Haberdashery Sales Pty. Ltd.
A private company started in 1963. Has distributed “Dressmaker” brand buttons. Located in Richmond then Heidelberg West, Victoria, closed 2017. At least some of their buttons came from Beutron.
Haffendon & Jackson Pty. Ltd.
This company registered in 1938 as general merchants, However, buttons became their focus. They were deregistered in 1985.
Hooper & Harrison Pty. Ltd.
Hooper and Harrison were operating from Sydney from 1889. The original partners were Alfred Harrison and Thomas Hooper. Starting in Sydney, they would expand to have warehouses/outlets in Adelaide, Hobart, Melbourne and Brisbane, London and New Zealand. The company owned the Invicta trademark. They were primarily wholesale suppliers of woollen products and tailors’ trimmings, but did employee tailors and so probably produced clothing as well. They imported cases of buttons. At one stage the company seemed to have been a subsidiary of the Australian Woollen Mills Ltd.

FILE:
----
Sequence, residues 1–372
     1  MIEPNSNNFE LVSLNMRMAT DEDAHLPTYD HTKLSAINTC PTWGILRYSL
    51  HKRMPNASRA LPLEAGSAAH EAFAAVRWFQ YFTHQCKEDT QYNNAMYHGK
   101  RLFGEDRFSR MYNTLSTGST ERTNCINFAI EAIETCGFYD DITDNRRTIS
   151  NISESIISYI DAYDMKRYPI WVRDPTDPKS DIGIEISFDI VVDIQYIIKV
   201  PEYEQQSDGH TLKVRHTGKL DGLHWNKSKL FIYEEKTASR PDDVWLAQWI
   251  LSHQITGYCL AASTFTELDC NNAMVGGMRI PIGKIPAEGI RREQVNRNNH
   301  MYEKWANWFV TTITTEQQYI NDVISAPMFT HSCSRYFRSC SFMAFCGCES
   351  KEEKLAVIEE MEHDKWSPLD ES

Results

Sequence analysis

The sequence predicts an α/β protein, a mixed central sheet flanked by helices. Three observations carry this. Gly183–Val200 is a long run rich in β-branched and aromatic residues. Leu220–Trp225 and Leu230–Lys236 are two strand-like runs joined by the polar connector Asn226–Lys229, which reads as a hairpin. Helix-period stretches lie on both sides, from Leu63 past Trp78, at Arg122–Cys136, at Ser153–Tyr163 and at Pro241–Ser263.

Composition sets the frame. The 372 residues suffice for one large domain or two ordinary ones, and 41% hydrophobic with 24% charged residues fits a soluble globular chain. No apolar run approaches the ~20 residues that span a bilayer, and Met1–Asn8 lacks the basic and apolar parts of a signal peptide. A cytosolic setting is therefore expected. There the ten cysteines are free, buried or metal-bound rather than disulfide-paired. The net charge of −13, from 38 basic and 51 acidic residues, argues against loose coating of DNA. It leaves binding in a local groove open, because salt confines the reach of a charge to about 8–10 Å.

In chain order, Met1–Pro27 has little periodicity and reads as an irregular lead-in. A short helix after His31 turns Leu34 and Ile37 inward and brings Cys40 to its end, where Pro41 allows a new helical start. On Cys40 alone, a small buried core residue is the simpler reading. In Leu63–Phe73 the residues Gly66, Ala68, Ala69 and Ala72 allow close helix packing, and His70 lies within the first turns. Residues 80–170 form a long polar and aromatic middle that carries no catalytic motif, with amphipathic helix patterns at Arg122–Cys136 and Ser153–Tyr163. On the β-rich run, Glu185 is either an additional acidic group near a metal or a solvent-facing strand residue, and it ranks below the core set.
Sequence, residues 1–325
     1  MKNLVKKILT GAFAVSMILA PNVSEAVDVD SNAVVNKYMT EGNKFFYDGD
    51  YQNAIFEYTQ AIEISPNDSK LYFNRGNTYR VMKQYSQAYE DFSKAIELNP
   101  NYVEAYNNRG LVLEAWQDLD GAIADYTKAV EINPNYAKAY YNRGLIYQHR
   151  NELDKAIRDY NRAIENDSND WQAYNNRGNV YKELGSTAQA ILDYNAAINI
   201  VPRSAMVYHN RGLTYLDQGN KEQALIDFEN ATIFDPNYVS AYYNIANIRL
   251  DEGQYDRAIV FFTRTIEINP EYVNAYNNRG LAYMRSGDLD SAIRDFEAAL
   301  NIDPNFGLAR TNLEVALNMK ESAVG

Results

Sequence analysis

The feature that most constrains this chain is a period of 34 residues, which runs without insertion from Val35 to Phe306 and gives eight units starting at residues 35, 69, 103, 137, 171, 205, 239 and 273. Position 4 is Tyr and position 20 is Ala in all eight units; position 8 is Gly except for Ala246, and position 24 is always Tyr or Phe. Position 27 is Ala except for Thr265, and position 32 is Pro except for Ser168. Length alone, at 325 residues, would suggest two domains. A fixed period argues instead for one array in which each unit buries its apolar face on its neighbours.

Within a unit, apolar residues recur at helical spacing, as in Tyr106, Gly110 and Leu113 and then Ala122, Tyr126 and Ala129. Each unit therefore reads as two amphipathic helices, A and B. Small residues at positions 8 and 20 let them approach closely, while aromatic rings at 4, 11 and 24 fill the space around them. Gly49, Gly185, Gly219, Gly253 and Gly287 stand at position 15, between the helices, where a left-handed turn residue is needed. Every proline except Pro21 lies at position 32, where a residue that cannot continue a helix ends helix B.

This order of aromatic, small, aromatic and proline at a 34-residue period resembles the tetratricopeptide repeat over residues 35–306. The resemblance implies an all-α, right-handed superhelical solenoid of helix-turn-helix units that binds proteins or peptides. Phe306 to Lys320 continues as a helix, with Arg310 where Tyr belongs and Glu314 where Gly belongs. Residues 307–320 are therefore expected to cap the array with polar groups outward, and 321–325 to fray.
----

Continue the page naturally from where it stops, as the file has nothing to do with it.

Isherwood & Bartlett
Charles Henry Isherwood (1883-1941) and Walter Charles Milward Bartlett were smallgoods traders and warehousemen, with outlets in Sydney, Newcastle, Melbourne, Brisbane and Adelaide from at least 1900 until 1950.
On the back of these cards is printed:
David Kennedy, Merchant, lived in North Melbourne according to the 1931 electoral rolls. He must have traded with Grace Brothers, as a travelling salesman called Mr A. Camfield represented him at the funeral of Mr E.P. Norrie, manager and director of Grace Brothers in 1933. Also, he supplied vegetable ivory buttons for Ordnance Stores in 1940.
David Kennedy was a distributor/wholesaler. He was listed as a button merchant at a warehouse at 118 Flinders Lane in the 1935 and 1940 phone directories. The prices indicated these buttons were sold from the late 1950s to mid 1960s. Some of the buttons are the same as those sold on Leda cards.
They used 6 varieties of colours on the cards, even with identical buttons. It makes for a nice display.
Korbond Industries Pty. Ltd.
This company was established in 1955 by Henry Korski and his wife, a chemist, to develop and manufacture haberdashery products for the clothing and shoe trades. Over the years they have shifted to become a wholesale distributor of piece goods. They are located in Australia, New Zealand and the United Kingdom.